1. Use your own words to describe how the flavor develops.
    2. Don't adjust the ingredients to change the flavor. If you want to make a batch that is spicier, for example, start a whole new batch to split into four new bags.
  9. Record the temperature of the room each time you check the pH and glucose levels.
    1. You will not graph this, but it may be a factor if you wish to repeat your kimchi recipe.
  10. Now place the kimchi in the refrigerator for three weeks.
  11. Continue checking the pH and glucose levels on a once-per-day basis for the refrigerated kimchi over the three weeks.
    1. You can continue taking readings past the three-week mark if you choose.

Graphing Your Results

  1. Graph the pH change over time. Put the pH on the y-axis and the time on the x-axis.
  2. Graph the glucose concentration over time. Put the glucose concentration on the y-axis and the time on the x-axis.
  3. Graph the data for each batch separately.
  4. Also graph the average values for the pH and the glucose concentration.
  5. You could add notes to your graph that show how the flavor changed over time.
    1. "Flavor" and "spiciness" are not scientific terms, but they are important to note since the goal is to make a dish you will enjoy eating.
icon scientific method

Ask an Expert

Do you have specific questions about your science project? Our team of volunteer scientists can help. Our Experts won't do the work for you, but they will make suggestions, offer guidance, and help you troubleshoot.


  • Try different starting amounts of sugar. How does this affect the changes that occur in pH and glucose?
  • Instead of fermenting the kimchi at room temperature for the first three days, ferment it in the refrigerator. How does this affect its fermentation?
  • Vary the ingredients, using a different kimchi recipe. Do you get the same results?
  • How does aeration affect the change in pH and glucose levels? Keep the top ajar for the first three days. Mix the kimchi up with a spoon several times per day to aerate it.
  • What happens if you briefly heat the ingredients prior to starting fermentation? For example, to 60°C for 5 minutes.


If you like this project, you might enjoy exploring these related careers:

Career Profile
There is a fraction of the world's population that doesn't have enough to eat or doesn't have access to food that is nutritionally rich. Food scientists or technologists work to find new sources of food that have the right nutrition levels and that are safe for human consumption. In fact, our nation's food supply depends on food scientists and technologists that test and develop foods that meet and exceed government food safety standards. If you are interested in combining biology, chemistry,… Read more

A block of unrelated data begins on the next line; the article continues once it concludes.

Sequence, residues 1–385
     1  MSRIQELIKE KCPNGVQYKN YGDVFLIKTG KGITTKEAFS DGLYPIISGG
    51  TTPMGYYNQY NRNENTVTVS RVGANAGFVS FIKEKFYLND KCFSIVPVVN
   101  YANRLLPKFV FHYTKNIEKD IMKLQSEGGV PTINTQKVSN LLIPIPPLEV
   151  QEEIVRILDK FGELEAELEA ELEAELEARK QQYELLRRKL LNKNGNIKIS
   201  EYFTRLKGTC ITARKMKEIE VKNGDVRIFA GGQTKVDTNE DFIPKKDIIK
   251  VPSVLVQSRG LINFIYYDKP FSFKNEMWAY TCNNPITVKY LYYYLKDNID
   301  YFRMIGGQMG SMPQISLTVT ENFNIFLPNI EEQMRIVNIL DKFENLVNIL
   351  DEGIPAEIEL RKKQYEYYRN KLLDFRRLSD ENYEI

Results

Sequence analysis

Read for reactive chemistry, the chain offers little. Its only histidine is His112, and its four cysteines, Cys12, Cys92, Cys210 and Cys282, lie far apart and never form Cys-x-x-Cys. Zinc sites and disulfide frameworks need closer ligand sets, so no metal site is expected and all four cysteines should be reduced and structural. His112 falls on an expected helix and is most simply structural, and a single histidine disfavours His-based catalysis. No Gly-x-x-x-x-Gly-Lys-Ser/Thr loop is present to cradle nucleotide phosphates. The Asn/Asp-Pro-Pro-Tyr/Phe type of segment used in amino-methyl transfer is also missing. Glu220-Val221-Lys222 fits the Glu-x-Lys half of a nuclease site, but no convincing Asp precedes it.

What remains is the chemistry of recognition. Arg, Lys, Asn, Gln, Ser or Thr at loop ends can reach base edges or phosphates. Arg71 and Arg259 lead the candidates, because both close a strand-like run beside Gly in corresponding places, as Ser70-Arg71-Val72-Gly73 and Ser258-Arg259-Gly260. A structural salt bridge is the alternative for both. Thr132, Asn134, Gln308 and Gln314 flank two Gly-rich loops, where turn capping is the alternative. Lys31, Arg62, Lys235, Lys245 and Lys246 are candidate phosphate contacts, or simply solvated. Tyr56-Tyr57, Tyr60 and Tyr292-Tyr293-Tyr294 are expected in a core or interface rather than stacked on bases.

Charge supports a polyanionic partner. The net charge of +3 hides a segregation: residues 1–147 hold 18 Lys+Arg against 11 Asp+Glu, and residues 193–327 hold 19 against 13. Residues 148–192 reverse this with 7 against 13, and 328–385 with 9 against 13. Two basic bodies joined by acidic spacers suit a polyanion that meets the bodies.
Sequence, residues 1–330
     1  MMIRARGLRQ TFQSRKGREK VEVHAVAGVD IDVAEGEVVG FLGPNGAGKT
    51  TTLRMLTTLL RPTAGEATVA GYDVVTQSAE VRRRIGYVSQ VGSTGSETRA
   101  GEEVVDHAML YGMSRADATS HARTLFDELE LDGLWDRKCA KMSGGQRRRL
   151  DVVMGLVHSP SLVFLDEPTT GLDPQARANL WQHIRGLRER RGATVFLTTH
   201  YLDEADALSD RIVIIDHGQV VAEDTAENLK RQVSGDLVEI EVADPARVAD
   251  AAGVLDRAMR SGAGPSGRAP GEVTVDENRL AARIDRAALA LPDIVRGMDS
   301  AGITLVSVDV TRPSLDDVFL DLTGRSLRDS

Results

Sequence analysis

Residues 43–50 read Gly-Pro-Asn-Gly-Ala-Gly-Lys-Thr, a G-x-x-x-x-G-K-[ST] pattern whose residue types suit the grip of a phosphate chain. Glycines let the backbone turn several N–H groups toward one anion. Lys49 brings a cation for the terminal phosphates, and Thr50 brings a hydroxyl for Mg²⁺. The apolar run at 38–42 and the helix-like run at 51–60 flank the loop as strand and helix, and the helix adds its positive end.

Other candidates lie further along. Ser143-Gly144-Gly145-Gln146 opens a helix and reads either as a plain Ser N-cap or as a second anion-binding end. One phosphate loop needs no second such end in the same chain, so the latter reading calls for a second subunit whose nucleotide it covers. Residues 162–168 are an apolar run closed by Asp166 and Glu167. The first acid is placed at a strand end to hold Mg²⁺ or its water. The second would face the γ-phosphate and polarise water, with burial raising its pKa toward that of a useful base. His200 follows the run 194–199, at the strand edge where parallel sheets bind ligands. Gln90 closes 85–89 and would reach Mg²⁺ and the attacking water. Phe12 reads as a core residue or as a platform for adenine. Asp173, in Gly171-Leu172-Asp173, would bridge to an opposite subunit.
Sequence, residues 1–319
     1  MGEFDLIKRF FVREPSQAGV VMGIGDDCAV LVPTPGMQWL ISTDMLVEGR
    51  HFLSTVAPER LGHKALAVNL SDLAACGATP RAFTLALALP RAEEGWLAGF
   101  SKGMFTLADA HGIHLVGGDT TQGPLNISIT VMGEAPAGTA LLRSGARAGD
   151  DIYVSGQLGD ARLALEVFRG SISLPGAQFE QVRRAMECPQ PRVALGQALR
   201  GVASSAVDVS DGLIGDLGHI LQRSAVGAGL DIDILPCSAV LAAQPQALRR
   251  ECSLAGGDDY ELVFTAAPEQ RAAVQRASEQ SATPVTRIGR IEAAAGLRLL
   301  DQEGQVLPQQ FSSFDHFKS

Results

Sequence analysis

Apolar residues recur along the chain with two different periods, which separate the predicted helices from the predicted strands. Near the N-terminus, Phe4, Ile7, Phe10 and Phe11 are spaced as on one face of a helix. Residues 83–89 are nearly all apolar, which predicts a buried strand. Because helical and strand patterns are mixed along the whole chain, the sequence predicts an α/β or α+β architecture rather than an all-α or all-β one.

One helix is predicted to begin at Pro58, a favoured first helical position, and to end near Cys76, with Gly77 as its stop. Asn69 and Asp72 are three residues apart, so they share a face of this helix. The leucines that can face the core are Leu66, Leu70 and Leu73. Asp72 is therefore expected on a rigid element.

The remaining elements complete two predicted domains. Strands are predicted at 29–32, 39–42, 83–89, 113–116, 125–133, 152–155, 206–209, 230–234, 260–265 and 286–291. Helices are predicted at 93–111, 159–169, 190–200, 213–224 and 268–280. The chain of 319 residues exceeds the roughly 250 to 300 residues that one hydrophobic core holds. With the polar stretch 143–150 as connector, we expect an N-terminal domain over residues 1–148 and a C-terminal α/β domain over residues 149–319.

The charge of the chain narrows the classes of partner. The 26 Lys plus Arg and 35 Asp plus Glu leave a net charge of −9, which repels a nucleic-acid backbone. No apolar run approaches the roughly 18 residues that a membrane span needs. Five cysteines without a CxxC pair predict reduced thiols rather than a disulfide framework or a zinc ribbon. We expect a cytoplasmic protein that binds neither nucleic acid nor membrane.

Career Profile
Microorganisms (bacteria, viruses, algae, and fungi) are the most common life-forms on Earth. They help us digest nutrients; make foods like yogurt, bread, and olives; and create antibiotics. Some microbes also cause diseases. Microbiologists study the growth, structure, development, and general characteristics of microorganisms to promote health, industry, and a basic understanding of cellular functions. Read more
Career Profile
Growing, aging, digesting—all of these are examples of chemical processes performed by living organisms. Biochemists study how these types of chemical actions happen in cells and tissues, and monitor what effects new substances, like food additives and medicines, have on living organisms. Read more
Career Profile
Good taste, texture, quality, and safety are all very important in the food industry. Food science technicians test and catalog the physical and chemical properties of food to help ensure these aspects. Read more

News Feed on This Topic

, ,

Cite This Page

General citation information is provided here. Be sure to check the formatting, including capitalization, for the method you are using and update your citation, as needed.

MLA Style

Science Buddies Staff. "Kimchi Chemistry." Science Buddies, 23 June 2020, https://www.sciencebuddies.org/science-fair-projects/project-ideas/FoodSci_p051/cooking-food-science/kimchi-chemistry. Accessed 21 Sep. 2023.

APA Style

Science Buddies Staff. (2020, June 23). Kimchi Chemistry. Retrieved from https://www.sciencebuddies.org/science-fair-projects/project-ideas/FoodSci_p051/cooking-food-science/kimchi-chemistry

Last edit date: 2020-06-23
Free science fair projects.